Loading presentation...

Present Remotely

Send the link below via email or IM


Present to your audience

Start remote presentation

  • Invited audience members will follow you as you navigate and present
  • People invited to a presentation do not need a Prezi account
  • This link expires 10 minutes after you close the presentation
  • A maximum of 30 users can follow your presentation
  • Learn more about this feature in our knowledge base article

Do you really want to delete this prezi?

Neither you, nor the coeditors you shared it with will be able to recover it again.


The Song of Kahunsha

No description

tessa m

on 14 December 2012

Comments (0)

Please log in to add your comment.

Report abuse

Transcript of The Song of Kahunsha

The Song of Kahunsha Anosh Irani Biography of Author Anosh Irani was born in 1974 in Bombay India where he grew up. In 1988 he moved to Vancouver where he attended the University of British Columbia and achieved his bachelor degree in creative writing. He has written three novels; The Cripple and His Talismans, Dahanu Road and The Song of Kahunsha. The Song of Kahunsha was a finalist for CBC Radio's Canada Reads and the Ethel Wilson Fiction Prize. It was also published in 13 different countries and was a best seller in Canada and Italy. Irani has also written three plays including My Granny the Goldfish, Bombay Black, and The Matka King. Bombay Black was the winner of the Dora Award for Outstanding New Play. He was also nominated for the Governor’s General Award for Drama for his anthology The Bombay Plays: The Matka King & Bombay Black. Chamdi is a ten year old boy who has grown up his entire in an orphanage just outside of Bombay. It is 1993, in the middle of all the bombings and violence, yet Chamdi likes to believe that beyond the gates of the orphanage lies a beautiful Bombay, where everyone sings in the streets, is happy, gets along, and where his father is. So when Chamdi learns that the orphanage will be closing down and they will all have to move, he runs away during the night and heads for Bombay in search of his father. But when he arrives in the city Chamdi realizes it is not all he thought it would be. He meets a young brother and sister named Sumdi and Guddi who have lived on the streets their entire life. They take him in and show him what its like living on the streets. Chamdi discovers that siblings beg and sell on the streets for a man named Anand Bhai. Who plans to attack a Muslim family after a bomb explodes in one of the Hindu temples that injures Guddi and kills Sumdi. Chamdi takes Guddi to Anand Bhai knowing he would be able to help her. Doing this makes Chamdi in debt to Anand, meaning him and Guddi will never be able to leave Bombay. Summary Character Development Chamdi's character goes through many changes throughout the book. At the beginning he is a ten year old boy with a huge imagination. He has imagined a city of what he thinks Bombay is like in his head and named it Kahunsha, meaning "the city of no sadness". When Chamdi first ventures out into Bombay for the first time he still has these dreams and hopes, but he starts to realize the truth of the real world. He has always thought that he had it tough living in an orphanage and not knowing his parents, but meeting Guddi and Sumdi he realizes that his life was not that bad. Chamdi must go through things that no ten year old should ever experience. Begging and stealing on the streets, seeing one of his only friends killed, and committing crimes for a man that he will never be able to escape. Throughout the novel he is forced to grow up and become a man. At the end of the novel Chamdi has gone through so much and ends up stuck in Bombay, but he still has his imagination Themes The biggest theme most represented in the novel is the theme of change. From beginning to end there is a lot of change in Chamdi's life that he must learn to adapt to. The biggest changes he goes through are leaving everything he's ever known and entering the complete unknown. Also a more minor change Chamdi must face is changing his plans and goals. When he first left the orphanage his plan was to go to Bombay and find his father, but in the end he must stay in Bombay with Guddi and work for Anand Bhai. Conflicts Person vs. Person- Chamdi vs. Anand BhaiThe conflict with Anand Bhai started out as Sumdi’s conflict with him that Chamdi got dragged in to. Chamdi wanted nothing to do with Anand knowing he was a bad man. But near the end of the novel Chamdi was willing to do anything to save Guddi after the explosion, even if it meant working for Anand Bhai. So in the end this conflict was never really resolved for Chamdi. Although he does not regret it because he knows it saved Guddi’s life.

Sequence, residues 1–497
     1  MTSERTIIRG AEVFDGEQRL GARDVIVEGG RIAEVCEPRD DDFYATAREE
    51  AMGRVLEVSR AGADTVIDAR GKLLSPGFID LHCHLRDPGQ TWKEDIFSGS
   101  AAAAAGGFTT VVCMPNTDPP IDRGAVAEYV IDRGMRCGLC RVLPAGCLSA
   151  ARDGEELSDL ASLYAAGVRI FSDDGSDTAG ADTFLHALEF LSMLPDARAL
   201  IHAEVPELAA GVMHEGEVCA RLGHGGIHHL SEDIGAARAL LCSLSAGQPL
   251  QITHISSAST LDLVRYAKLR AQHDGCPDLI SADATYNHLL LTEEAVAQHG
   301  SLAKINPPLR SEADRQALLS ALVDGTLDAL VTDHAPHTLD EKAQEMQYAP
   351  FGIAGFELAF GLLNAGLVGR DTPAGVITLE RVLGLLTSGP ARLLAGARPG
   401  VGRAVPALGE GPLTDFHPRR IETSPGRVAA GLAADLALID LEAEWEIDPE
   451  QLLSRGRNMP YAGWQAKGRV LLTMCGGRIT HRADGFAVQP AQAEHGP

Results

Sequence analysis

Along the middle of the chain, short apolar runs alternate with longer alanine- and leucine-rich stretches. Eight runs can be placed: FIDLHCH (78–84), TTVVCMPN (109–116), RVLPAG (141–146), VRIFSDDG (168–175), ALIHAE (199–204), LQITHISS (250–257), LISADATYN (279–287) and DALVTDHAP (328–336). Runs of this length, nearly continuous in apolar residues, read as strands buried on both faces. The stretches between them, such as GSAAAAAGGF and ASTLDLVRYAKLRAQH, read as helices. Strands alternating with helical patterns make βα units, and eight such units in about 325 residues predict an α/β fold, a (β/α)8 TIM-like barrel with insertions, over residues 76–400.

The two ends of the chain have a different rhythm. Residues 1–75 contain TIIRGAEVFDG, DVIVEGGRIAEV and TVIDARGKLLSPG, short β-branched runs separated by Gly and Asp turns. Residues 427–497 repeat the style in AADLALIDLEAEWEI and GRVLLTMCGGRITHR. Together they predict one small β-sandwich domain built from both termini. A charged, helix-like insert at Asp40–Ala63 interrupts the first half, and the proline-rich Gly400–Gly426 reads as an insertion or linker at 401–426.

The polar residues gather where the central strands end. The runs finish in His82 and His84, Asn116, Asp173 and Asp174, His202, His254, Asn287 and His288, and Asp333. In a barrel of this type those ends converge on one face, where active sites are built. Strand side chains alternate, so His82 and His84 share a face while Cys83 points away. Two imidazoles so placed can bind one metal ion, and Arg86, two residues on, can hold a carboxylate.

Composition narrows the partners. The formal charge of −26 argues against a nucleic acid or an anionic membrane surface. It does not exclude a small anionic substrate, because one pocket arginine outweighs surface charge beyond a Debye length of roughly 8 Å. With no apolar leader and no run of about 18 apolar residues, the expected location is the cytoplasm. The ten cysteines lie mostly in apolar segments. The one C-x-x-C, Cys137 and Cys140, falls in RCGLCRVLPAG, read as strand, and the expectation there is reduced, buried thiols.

Person vs. Nature- Chamdi vs. BombayThe conflict between Chamdi and the real world of Bombay is not quite as obvious. When Chamdi first comes to the city he is very lost and really does not know what to do. He has never been in a situation like this before so it is all very overwhelming for him. It is resolved when he meets Sumdi and Guddi and spends a few nights on the streets and starts to get an idea of what this kind of life is like. Literary Devices Reference to event- “The Hindus broke down the Babri Masjid, a mosque in Ayodhya, a faraway place, she said, and now Hindus and Muslims were hurting each other in Bombay because of that”. (Irani 10).

Pathetic Fallacy- “The cough of a car engine makes Chamdi turn”. (Irani 49).

The Song of Kahunsha is written in third person limited where we only know Chamdi’s thoughts and views. My Opinion I personally loved The Song of Kahunsha. I found it really interesting to read and imagine what it is like living in Bombay. Before I read the novel I thought of the difference between Canada and India to be large. I never really thought of they’re being such big changes just between the life of a child living in an orphanage just outside of Bombay, to a child living on the streets of Bombay. It was also interesting to learn a little about the riots that went on in Bombay because I had never really heard about that before. What I loved most about this book was the idea of a person being stuck in a bad situation or a terrible life, and still having the imagination and optimism to remain happy.
Full transcript